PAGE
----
WBT championship, this time, it's for real

Some day years from now, little girls dreaming of becoming pro bass anglers will check out the list of women who reached the pinnacle of their profession.

Inevitably, one of them will point to the name Pam Martin-Wells and ask, "Who was she?"

Martin-Wells is now the first winner of the Women's Bassmaster Tour Championship, a title that brings $10,000, a Triton bass boat valued at $50,000 and a permanent place in the history of pro fishing.

"There will be more winners. There will be more champions," Martin-Wells said, "but I'll always be the first."

In this case, the last became the first. Martin-Wells was the last of the 12 pro anglers to qualify for the championship but led throughout the three-day event at Lake Mitchell. She took a 4-pound, 8-ounce lead into Saturday's final round and put the finishing touches on her victory with 15 pounds, including two impressive 4½-pound largemouth, that gave her a total of 38-7.

Martin-Wells topped a field of persistent anglers who refused to give up after dramatic weather changes made the fishing difficult on Thursday and Friday.

After eight of the 12 women produced their best round Saturday, Sheri Glasgow finished second with 31-5, Juanita Robinson third at 28-12, Tammie Muse fourth at 25-12 and Cullman's Linda Sands was fifth at 25-5 after catching five bass weighing 9-14 on Saturday.

It was the kind of field that never allowed Martin-Wells to feel too comfortable with her lead. Instead, she placed her confidence in a plan that developed over several weeks. After qualifying she immersed herself into learning all she could about Lake Mitchell and its spotted bass population, a fish she doesn't catch back home on Lake Seminole in Bainbridge, Ga.

She charted lake levels, water temperatures and talked with various guides and experienced anglers, assembling a thick notebook of research that convinced her to use a Carolina rig off points. That plan paid off for 2½ days until Martin-Wells decided she needed a little more help to ensure victory.

"I said, `That spot over there — I haven't fished that. It's calling me,'" Martin-Wells said. "My co-angler looked at me like I was nuts."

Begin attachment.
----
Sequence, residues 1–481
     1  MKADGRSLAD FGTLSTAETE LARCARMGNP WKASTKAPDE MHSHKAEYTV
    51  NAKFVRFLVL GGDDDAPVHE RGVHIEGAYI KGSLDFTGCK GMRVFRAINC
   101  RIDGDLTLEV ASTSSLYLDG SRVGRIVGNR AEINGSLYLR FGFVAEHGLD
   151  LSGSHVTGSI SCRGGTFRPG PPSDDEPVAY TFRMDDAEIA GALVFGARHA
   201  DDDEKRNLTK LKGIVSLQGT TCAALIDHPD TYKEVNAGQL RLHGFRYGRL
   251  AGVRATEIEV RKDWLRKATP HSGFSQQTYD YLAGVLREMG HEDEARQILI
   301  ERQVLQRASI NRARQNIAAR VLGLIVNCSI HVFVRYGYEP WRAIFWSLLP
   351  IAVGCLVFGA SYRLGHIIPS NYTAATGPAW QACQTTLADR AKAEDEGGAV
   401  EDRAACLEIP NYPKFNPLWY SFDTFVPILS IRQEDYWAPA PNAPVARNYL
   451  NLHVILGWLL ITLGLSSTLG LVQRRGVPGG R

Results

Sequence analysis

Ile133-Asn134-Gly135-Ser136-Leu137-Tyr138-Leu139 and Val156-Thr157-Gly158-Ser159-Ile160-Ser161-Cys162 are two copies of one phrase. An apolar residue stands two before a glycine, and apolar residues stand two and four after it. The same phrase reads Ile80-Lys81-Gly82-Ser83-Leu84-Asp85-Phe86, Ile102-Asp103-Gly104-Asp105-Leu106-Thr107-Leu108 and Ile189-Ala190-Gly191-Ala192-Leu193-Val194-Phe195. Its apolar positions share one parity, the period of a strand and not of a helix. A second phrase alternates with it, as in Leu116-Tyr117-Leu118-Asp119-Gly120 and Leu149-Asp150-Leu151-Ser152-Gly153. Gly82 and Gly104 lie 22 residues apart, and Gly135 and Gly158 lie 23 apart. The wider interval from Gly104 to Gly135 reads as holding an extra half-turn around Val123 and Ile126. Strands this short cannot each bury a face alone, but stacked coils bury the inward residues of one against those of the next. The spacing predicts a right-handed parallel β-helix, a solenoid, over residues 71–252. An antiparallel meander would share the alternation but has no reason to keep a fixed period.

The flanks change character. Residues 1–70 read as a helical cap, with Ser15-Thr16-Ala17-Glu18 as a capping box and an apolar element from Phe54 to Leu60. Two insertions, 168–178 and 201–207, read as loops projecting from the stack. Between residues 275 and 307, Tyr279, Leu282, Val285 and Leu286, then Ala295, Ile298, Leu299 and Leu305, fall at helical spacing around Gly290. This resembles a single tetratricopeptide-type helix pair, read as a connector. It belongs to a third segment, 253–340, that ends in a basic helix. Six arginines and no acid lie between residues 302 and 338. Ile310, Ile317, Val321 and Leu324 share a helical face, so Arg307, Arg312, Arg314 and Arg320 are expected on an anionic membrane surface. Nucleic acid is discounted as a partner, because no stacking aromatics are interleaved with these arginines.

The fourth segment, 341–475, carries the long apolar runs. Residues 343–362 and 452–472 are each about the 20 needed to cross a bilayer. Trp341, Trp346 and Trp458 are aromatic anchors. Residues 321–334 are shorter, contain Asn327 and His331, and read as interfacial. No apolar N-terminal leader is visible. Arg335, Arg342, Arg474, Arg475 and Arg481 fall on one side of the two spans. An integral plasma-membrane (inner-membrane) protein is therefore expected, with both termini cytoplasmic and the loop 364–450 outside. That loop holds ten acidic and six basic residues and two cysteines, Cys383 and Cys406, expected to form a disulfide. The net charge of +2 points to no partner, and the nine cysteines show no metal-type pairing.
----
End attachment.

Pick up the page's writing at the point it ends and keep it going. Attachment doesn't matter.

Dropping jigs and other soft plastics into heavy grass, Martin-Wells hooked the first of her two largemouth bass. After watching another largemouth chase her lure, she dropped it back in four times before the fish made its move and ended up in her boat.

"I figured maybe now I have a chance," Martin-Wells said.

Now the pros are convinced women's pro bass fishing can succeed at a much higher level. Many of these women have seen the Bass'n Gals and Women's Bass Fishing Association circuits come and go, but they believe this time it's for real.

"I've been fishing professionally for 21 years but with B.A.S.S. and ESPN this would go somewhere," Martin-Wells said. "I knew it would give us some recognition and promote our sponsors in a way they need to be."

Without that recognition, there aren't enough sponsors to support a big-time women's tour. Without that support, there are no women such as Martin-Wells making history, setting the stage for further generations of young women and girls.

"I think this event is going to do a tremendous amount of good for women's fishing," Sands said. "We've been around for years but so many people don't know we're here and there are so many women out there who do fish. This will raise the level of women's fishing."